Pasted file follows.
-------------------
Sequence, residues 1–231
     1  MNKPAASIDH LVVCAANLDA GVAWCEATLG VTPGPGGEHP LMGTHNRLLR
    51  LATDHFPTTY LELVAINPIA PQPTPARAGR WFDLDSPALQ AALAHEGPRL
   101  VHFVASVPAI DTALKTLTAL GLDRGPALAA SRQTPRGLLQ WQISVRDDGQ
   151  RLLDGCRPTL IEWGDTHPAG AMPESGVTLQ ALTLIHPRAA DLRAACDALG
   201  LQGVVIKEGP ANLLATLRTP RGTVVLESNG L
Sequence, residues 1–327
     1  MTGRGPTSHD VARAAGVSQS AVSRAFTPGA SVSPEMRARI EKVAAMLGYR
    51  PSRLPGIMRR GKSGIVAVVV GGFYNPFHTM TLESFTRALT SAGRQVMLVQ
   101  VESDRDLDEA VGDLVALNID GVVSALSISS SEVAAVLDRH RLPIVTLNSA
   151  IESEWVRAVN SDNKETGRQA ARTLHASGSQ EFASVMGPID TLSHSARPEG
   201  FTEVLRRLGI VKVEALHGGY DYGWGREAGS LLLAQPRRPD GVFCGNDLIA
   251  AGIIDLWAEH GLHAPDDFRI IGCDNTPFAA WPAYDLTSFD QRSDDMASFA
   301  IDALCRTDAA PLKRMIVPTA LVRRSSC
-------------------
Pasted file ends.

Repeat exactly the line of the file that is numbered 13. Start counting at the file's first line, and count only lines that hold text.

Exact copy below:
   251  AGIIDLWAEH GLHAPDDFRI IGCDNTPFAA WPAYDLTSFD QRSDDMASFA